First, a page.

Seaside Hotel Commemorative Plate, ca. 1900
Seaside Hotel Commemorative Plate, ca. 1900

Item Contributed by
Islesboro Historical Society

After the Civil War, several factors combined that would change the face of Islesboro forever. An expanding economy provided more leisure time for the middle and upper classes, improved railway and steamship lines made Maine more accessible, and many families sought to escape the summer heat of the cities. Bangor was already a summer destination, and adventurous families soon discovered Ryder’s Cove, just across Penobscot Bay. Ryder’s Cove, or Sabbathday Harbor as it was known to early sailors as an ideal place to rest on Sundays, became Islesboro’s first summer community. In 1868, a simple hotel/boarding house was built, which later expanded to accommodate one hundred guests, with modest cottages springing up around it and on the shore. Soon after, Hewes Point became the second summer community, also having a hotel, cottages and wharf.

Second Islesboro Inn, aerial view, ca. 1950
Second Islesboro Inn, aerial view, ca. 1950

Item Contributed by
Islesboro Historical Society

Ryder’s Cove and Hewes Point remained the island’s only summer communities until the arrival of the Islesboro Land and Improvement Company in 1888, which began buying large parcels of farm land at the southern end of the island, in Dark Harbor. In 1890, company owners built a large hotel, the Islesboro Inn, and steamboat wharf to attract potential buyers. Large, expensive lots were sold to some of the wealthiest families in Boston, New York, Philadelphia and St. Louis. These families put up summer “cottages,” mansions that rivaled the finest on the mainland. With the establishment of Islesboro’s summer communities, islanders' jobs shifted from agricultural to service-based, and remain so today. For more information on this topic, please visit Summer Resorts.

Town Hall calendar, Islesboro, 1926
Town Hall calendar, Islesboro, 1926

Item Contributed by
Islesboro Historical Society

Everyday life on Islesboro is like that of most other small communities, except that it is defined by physical boundaries. These boundaries sometimes present challenges that most islanders feel are a small price to pay for the beauty, tranquility and kinship the island has to offer.

When the town of Islesboro (spelled Islesborough at the time) was incorporated in 1789, the first town meeting was held on April 6, 1789 in the home of Shubael Williams. The first Islesboro Town Hall was built in 1804, and was also the Baptist Meeting House. In 1892, the building was replaced in the same location with the second Town Hall and High School. Today, the old town hall is the home of the Islesboro Historical Society, established in 1964.

Second Baptist Church, Islesboro, ca. 1950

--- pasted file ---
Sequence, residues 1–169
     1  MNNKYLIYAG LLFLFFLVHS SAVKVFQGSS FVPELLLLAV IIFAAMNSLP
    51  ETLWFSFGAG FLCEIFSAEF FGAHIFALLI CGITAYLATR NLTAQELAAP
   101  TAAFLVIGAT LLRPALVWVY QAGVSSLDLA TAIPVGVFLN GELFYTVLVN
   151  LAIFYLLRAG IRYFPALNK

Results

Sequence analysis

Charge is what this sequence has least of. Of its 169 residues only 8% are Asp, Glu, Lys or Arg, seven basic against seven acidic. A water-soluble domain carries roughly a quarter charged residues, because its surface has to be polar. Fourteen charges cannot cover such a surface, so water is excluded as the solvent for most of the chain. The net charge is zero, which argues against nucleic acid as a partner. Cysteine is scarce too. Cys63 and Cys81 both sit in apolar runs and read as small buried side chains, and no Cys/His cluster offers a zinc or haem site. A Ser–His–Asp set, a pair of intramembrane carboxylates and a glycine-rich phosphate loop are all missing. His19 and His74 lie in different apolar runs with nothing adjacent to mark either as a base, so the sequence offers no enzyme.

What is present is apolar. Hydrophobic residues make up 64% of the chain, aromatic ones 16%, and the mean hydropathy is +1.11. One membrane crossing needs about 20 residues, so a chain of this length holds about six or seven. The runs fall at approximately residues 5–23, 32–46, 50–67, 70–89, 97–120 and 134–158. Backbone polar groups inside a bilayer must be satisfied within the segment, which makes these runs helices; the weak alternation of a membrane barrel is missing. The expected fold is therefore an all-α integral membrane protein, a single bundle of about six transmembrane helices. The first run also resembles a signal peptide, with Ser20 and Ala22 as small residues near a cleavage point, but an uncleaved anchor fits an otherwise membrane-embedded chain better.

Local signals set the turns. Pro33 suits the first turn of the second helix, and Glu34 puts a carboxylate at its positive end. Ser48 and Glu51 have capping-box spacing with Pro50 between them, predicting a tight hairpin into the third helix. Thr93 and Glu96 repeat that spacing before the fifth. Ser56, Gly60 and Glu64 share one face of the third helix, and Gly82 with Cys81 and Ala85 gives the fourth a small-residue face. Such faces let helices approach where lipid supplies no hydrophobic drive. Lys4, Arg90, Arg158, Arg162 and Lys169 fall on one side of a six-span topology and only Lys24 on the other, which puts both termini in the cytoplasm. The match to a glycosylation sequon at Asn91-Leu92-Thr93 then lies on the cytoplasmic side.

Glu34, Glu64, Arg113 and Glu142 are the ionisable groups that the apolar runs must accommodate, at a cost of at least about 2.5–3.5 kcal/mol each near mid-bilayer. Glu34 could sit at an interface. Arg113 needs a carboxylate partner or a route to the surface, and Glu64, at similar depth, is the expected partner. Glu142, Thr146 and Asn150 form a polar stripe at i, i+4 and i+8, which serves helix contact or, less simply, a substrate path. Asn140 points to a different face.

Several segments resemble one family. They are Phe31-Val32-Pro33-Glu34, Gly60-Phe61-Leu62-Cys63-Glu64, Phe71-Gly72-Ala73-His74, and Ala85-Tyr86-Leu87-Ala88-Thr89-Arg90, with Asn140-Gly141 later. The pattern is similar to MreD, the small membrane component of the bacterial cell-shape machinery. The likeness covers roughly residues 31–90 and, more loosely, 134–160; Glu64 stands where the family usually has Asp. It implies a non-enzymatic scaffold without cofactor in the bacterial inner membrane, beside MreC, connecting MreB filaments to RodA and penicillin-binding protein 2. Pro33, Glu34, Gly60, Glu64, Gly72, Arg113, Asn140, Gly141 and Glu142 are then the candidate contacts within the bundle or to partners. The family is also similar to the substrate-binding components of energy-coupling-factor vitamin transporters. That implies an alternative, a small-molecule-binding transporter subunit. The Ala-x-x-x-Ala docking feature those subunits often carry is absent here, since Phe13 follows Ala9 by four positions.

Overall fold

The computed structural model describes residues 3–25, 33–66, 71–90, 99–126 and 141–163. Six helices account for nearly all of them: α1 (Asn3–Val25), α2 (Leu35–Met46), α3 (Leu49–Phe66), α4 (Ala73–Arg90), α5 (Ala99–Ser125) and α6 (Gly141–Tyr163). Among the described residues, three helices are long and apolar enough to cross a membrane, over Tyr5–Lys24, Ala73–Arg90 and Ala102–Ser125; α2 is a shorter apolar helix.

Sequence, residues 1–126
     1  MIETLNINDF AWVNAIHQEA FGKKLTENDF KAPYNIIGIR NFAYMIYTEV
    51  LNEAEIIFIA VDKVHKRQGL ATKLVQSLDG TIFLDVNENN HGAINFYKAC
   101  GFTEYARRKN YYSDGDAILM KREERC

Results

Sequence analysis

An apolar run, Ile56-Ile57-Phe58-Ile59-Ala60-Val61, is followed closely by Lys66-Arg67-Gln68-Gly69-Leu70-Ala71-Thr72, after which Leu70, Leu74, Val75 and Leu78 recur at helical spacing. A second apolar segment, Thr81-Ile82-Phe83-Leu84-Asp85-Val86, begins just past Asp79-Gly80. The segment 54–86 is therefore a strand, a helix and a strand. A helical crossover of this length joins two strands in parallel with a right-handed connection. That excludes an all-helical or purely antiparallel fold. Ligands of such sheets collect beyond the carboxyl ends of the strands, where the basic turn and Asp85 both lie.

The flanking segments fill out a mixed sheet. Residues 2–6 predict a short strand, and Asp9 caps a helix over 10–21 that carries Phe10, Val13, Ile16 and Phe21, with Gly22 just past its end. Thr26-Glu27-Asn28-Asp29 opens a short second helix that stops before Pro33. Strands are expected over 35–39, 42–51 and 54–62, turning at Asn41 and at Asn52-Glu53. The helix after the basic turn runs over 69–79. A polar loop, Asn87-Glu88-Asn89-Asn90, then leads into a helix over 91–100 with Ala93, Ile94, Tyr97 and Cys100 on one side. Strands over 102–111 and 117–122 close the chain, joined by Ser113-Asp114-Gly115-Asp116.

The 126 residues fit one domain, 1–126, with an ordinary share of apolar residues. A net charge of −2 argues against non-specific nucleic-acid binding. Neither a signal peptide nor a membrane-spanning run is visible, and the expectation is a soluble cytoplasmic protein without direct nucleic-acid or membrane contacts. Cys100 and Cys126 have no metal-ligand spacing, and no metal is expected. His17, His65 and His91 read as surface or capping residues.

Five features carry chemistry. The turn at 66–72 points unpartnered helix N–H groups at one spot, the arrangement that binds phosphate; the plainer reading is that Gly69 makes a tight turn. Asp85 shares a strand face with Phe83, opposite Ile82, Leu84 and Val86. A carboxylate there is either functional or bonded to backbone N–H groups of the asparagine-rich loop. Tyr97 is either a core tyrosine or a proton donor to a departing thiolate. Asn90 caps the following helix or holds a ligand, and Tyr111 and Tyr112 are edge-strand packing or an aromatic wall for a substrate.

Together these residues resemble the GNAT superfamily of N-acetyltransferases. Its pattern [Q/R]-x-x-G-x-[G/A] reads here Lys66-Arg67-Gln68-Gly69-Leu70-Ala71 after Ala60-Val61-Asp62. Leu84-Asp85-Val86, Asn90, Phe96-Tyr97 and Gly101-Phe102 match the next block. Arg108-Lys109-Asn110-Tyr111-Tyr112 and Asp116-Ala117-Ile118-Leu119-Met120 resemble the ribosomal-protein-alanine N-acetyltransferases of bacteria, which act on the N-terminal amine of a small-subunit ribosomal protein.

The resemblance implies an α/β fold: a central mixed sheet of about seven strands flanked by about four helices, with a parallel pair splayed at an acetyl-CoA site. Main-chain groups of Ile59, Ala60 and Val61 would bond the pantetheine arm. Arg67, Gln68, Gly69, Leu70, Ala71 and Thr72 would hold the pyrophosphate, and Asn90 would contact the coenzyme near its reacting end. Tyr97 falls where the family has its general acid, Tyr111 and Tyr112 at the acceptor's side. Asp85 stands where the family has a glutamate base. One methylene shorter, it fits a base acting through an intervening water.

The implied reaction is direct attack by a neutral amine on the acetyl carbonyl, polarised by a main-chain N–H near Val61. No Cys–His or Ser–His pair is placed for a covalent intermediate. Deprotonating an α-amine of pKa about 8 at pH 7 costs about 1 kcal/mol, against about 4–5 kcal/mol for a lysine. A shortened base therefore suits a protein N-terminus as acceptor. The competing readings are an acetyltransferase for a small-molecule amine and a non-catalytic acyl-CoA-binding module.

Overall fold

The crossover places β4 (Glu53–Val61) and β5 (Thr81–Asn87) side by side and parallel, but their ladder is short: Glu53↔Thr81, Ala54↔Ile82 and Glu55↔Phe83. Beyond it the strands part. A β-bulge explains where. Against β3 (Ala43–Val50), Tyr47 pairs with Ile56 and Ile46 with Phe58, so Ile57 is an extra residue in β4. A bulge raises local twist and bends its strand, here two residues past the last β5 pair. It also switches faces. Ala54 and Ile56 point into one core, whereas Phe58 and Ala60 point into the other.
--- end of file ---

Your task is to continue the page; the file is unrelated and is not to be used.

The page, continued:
Second Baptist Church, Islesboro, ca. 1950

Item Contributed by
Islesboro Historical Society

The first recorded religious meeting on Islesboro took place in 1791, in the barn of Joseph Boardman. These worshipers were Baptists, who built the first house of worship on the island, the Baptist Meeting House and Town Hall (1804). A series of Baptist churches followed, including the Free Will Baptist Church (1843), the Second Baptist Church (1845), and the First Baptist or Middle Church (1853). Christ Church (1893) was built in Dark Harbor by Episcopalian summer residents. St. Mary’s of the Isles (1901) was built for the Catholic summer help who worked for the wealthy summer families. Islesboro’s churches have served a variety of needs of the community - spiritual, cultural, and financial and continue to do so today.

Buggy, Islesboro, ca. 1880
Buggy, Islesboro, ca. 1880

Item Contributed by
Islesboro Historical Society

Another aspect/concern of early and present island life is medical care. In the early days, doctors had to be fetched from the mainland by boat to attend the sick. Southern islanders rowed to Lincolnville, borrowed a team and drove to Camden for a doctor. Northern islanders rowed to Castine for medical help. The earliest known doctor to practice on Islesboro was Dr. John Payne, arriving in 1830 and staying until 1840. A variety of physicians served as Town Doctor, visiting patients in their homes by horse and buggy. When cars were finally allowed on the island in 1933, Dr. William S. Garelcon became the last “horse and buggy” doctor on the island. Over the years, islanders found it increasingly difficult to attract and keep a doctor on the island. In 1982, the town hired its first Physician Assistant, who worked in conjunction with a mainland M.D. to serve the medical needs of islanders.

Post Office Boxes, Islesboro, ca. 1890
Post Office Boxes, Islesboro, ca. 1890

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Islesboro Historical Society

Communication between Islesboro and the mainland remained sketchy in the days before telephones. A mail route established between Islesboro and Lincolnville transferred mail every Thursday via boat, with an unofficial post office established on the island c. 1834. Not until 1892 did islanders receive direct mail service from the federal government. A steamboat set out from Ryders’ Cove every morning at 9:00, picked up mail in Belfast, made a drop at Ryder’s Cove and continued to Hewes Point. By 1916, all mail was dropped at the Lime Kiln Wharf and driven the length of the island by team to the island’s various post offices. Mail service was severely disrupted when the bay froze over in 1918, 1923, and 1934. The mail had to be hauled across by hand sleds or horse and buggy.

Islesboro had four post offices: North Islesborough (established 1880 in Ryder’s Cove), Islesborough (established 1889 in Guinea), Dark Harbor (established 1895) and Pripet (established 1915 for the northern most tip of the island). Prior to 1933, all mailed was delivered by horse and buggy. In 1966 the town built a consolidated post office in a central location, and closed all other existing post offices. Today, mail is brought to the island via the ferry from Camden.